Shouts of alarm sound from the Martials as the Karkauns come closer.

Even from a distance, their eyes glow a startling, pure white. They’re possessed by the ghosts raised by their warlocks.

“Avitas,” I say so quietly that no one else can hear. “The evacuation plan. It is ready? All are in place? You have cleared the way?”

“Yes, Shrike.” Harper turns from the approaching horde. “All is prepared.”

“Then see it done.”

He hesitates, about to launch a protest. But I am already moving. “Catapults!” I call to the drummer, who pounds out the message.

“Fire at will!”

Within seconds, the catapults rumble and flaming projectiles fly over the walls toward the possessed Karkauns. Many go down—but more dodge the projectiles, moving with that eerie speed.

“Archers!” I shout. “Fire at will!” With breathtaking swiftness, Grímarr’s possessed soldiers have blown past the markers we set out on the field.

A hail of flaming arrows rains down on the Karkauns. It hardly slows them. I order the archers to fire again and again. Some of the Karkauns fall, but not enough. No wonder they didn’t have any bleeding siege machines.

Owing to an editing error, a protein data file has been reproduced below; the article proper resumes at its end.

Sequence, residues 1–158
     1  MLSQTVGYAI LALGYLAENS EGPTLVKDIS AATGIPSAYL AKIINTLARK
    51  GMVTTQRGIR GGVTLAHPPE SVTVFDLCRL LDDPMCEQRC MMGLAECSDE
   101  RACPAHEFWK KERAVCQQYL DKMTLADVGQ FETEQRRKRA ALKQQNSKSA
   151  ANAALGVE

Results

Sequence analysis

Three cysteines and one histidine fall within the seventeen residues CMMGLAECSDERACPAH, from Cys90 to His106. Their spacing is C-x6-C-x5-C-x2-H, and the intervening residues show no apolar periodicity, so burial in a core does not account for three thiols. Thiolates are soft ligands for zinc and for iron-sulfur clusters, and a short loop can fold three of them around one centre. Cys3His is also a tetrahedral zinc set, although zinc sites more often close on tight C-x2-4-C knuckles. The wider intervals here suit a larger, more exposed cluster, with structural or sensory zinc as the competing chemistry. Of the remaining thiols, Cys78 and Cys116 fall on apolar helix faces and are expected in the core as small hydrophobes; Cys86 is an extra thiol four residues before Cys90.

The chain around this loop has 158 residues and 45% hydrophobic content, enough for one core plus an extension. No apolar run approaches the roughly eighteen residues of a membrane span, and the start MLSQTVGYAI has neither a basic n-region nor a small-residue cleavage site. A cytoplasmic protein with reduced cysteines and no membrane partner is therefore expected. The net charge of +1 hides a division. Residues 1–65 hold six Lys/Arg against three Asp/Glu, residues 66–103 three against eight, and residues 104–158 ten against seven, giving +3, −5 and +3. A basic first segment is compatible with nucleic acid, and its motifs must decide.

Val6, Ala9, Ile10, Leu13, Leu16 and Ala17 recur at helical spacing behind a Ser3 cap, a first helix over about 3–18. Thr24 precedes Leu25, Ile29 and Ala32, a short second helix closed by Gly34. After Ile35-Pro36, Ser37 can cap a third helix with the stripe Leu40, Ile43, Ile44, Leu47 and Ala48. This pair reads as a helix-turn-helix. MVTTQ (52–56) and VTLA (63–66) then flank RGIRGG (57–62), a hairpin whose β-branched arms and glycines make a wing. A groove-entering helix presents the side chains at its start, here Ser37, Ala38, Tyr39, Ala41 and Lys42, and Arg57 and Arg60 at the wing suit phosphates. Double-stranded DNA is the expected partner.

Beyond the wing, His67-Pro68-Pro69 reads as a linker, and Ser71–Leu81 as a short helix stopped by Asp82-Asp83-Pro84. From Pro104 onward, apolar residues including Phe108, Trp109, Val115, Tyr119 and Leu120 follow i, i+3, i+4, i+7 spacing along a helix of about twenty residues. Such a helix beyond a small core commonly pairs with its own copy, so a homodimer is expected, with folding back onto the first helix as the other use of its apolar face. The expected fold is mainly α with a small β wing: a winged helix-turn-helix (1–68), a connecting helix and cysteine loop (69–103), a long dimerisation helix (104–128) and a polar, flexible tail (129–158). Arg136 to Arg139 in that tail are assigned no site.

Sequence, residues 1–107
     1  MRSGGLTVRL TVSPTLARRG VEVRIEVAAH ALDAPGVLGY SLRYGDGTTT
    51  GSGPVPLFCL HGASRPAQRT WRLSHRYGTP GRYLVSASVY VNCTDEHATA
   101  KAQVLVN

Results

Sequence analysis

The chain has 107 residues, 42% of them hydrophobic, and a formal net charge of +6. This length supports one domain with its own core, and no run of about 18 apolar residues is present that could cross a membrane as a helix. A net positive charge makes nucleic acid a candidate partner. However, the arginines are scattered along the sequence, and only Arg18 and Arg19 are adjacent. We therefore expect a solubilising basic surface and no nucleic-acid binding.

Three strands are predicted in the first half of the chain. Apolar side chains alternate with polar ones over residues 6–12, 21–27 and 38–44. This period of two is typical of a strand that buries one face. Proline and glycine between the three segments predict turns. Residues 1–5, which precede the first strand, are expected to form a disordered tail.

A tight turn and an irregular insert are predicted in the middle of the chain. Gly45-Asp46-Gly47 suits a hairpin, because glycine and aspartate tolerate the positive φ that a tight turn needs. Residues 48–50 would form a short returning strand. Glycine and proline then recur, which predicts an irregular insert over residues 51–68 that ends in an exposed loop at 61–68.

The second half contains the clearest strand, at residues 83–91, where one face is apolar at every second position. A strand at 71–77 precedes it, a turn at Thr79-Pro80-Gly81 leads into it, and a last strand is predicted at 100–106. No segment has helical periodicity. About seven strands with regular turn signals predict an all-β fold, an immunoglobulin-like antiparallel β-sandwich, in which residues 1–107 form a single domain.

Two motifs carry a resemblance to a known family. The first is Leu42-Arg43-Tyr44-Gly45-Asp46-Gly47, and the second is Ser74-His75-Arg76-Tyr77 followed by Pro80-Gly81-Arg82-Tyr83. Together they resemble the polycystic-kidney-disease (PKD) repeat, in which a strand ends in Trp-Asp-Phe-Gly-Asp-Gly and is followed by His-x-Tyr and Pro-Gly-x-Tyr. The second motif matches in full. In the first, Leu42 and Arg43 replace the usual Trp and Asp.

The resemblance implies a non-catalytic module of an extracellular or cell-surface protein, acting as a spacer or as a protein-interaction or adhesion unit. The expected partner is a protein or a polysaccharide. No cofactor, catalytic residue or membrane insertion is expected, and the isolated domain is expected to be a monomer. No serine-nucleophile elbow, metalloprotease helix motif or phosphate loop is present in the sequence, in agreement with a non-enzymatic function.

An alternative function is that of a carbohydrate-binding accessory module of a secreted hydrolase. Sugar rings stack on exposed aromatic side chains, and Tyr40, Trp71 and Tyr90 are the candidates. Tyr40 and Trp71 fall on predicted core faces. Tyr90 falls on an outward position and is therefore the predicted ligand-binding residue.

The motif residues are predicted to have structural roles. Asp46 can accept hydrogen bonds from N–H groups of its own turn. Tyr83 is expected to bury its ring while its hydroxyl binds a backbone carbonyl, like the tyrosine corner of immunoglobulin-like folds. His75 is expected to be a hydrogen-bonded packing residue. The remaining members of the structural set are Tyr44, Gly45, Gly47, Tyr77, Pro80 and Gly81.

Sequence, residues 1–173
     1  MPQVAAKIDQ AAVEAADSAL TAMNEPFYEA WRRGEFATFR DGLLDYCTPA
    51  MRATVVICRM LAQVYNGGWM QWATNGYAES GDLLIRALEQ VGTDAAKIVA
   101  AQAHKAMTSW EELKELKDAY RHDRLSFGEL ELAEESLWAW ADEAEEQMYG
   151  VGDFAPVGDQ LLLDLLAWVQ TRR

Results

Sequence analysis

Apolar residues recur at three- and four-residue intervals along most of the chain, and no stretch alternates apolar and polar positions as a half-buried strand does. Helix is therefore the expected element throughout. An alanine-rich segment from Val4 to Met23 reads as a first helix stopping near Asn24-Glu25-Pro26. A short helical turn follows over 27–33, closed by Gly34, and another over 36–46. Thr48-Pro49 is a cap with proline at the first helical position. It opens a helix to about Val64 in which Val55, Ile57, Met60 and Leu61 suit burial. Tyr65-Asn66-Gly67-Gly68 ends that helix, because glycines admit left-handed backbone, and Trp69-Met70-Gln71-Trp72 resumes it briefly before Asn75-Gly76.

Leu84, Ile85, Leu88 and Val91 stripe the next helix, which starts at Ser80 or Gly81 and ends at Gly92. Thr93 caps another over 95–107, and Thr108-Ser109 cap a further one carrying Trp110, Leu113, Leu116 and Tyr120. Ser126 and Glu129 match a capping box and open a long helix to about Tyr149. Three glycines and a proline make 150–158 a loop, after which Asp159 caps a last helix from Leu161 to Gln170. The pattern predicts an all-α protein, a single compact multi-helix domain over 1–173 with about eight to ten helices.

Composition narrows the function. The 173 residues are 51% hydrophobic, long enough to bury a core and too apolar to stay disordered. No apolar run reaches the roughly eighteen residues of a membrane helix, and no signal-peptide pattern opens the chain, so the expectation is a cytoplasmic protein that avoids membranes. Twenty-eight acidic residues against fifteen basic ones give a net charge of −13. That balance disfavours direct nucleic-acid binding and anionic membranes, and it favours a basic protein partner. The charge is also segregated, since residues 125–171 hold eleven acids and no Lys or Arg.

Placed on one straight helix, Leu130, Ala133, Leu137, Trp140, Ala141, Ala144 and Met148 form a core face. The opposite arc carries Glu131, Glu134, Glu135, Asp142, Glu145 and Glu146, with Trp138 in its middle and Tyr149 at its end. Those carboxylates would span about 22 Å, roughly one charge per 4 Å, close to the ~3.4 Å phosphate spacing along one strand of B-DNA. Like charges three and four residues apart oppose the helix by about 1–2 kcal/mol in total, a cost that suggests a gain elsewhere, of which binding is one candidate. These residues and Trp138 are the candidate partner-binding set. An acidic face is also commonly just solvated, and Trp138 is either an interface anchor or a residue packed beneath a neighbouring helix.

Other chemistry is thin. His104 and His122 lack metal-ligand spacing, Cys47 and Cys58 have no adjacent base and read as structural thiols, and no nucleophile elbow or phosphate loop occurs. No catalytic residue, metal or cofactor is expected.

An alarm goes up from the men, and less than a hundred yards away, a group of possessed Karkauns lift massive glowing missiles, seemingly

unbothered by their flames, and fling them at Antium. “It’s—it’s not possible,” I whisper. “How can they—”

The missiles fly into the city, smashing into buildings and soldiers and watchtowers. The drummers immediately issue a call for the water brigades. The archers fire volley after volley, and legionnaires reload the catapults as fast as they can.

As the Karkauns close on the walls, I hear their hungry, beast-like snarls. Too quickly, they are past the trenches, past the secondary forest of pikes planted at the base of the walls to deflect a human army.

We have no defense now. In the space of minutes, the battle will go from strategy and tactics thought up in a distant room to the short, desperate strokes of men fighting for their next breath.

So be it. The Karkauns begin to scale the wall, brandishing their weapons as if they are possessed by demons of the hells. I draw my war hammer.

And then I roar the attack.